The crew answered another question about international relations by standing and embracing, prompting cheers and applause. Suraev then posed with his crewmates for a "selfie" to another round of cheers.

"When it gets right down to it, we're still supporting each other," NASA space station Program Manager Michael Suffredini told CBS News in a recent interview. "We talk at my level, we're talking at (headquarters) level, we regularly have telecons to reaffirm our commitment. Every time we do something together the teams work and support each other the way we always have.

"We're trying really hard to do what both of our government's have essentially told us to do (and) that is to continue working in spaceflight the way we have."

The combined Expedition 40 crew faces a busy summer with two Russian spacewalks on tap, up to three U.S. EVAs, the arrival of a Russian Progress supply ship, a final European ATV cargo carrier and two U.S. spacecraft: an Orbital Sciences Cygnus supply craft and a SpaceX Dragon capsule.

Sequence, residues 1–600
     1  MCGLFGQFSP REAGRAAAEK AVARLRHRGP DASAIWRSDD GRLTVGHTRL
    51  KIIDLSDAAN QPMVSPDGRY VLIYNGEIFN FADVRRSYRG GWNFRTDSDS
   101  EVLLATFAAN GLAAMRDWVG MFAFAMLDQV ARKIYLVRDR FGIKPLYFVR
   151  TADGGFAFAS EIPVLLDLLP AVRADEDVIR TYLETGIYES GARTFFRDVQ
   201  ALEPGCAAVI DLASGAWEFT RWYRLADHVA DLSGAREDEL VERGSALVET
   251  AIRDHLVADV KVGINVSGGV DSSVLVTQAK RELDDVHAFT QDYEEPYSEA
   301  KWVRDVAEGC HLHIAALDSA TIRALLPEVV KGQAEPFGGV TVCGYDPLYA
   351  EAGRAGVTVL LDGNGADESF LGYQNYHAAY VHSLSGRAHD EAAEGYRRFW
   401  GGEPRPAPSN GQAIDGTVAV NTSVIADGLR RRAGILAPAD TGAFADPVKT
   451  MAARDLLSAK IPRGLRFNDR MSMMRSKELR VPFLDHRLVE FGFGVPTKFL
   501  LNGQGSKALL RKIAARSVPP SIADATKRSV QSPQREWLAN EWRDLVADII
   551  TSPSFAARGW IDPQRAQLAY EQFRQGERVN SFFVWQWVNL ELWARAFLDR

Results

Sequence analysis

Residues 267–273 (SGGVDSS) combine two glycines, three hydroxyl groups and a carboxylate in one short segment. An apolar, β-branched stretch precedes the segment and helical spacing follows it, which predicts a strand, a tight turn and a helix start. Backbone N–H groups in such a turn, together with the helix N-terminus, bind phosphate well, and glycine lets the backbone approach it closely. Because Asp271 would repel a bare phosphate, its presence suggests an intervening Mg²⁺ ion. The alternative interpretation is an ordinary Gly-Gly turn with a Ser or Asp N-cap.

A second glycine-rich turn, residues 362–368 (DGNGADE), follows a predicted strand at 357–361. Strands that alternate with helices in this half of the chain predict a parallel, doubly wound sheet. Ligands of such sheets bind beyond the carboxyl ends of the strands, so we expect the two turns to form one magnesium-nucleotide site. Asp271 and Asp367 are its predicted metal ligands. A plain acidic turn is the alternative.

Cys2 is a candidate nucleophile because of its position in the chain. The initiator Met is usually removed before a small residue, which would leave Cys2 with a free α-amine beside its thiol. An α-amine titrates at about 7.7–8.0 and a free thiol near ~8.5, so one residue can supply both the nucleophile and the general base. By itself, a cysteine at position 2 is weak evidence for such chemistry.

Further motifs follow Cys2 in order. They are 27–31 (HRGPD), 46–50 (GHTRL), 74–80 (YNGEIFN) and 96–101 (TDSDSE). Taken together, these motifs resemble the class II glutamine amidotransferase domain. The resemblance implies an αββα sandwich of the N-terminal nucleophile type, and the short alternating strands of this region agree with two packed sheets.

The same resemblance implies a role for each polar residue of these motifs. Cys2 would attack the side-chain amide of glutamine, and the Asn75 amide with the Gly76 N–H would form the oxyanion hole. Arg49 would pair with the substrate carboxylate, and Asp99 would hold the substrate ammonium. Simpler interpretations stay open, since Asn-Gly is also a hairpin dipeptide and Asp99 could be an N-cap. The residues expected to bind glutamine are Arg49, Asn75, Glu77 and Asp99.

"Our key challenges for this increment will be managing the slew of vehicle traffic that we have in addition to the EVAs that are planned and of course, we also have a very ambitious utilization schedule as well on top of that," said lead Flight Director Greg Whitney. "So it's going to be a challenging time for both the ground and the on-board crew, but we're looking forward to it. It'll be a great mission."

Wiseman said he was particularly interested in medical research using the crew as test subjects.

"We have a ton of human research planned," he said. "They're going to look at my blood, my skin, my bones, my muscle, my eyes especially. And I'm really looking forward to getting into all that science. All that stuff fascinates me. As a Navy pilot, I always had an aversion to medicine. Now I'm being forced into it and I absolutely love it!"

  • William Harwood

    Bill Harwood has been covering the U.S. space program full-time since 1984, first as Cape Canaveral bureau chief for United Press International and now as a consultant for CBS News. He covered 129 space shuttle missions, every interplanetary flight since Voyager 2's flyby of Neptune and scores of commercial and military launches. Based at the Kennedy Space Center in Florida, Harwood is a devoted amateur astronomer and co-author of "Comm Check: The Final Flight of Shuttle Columbia."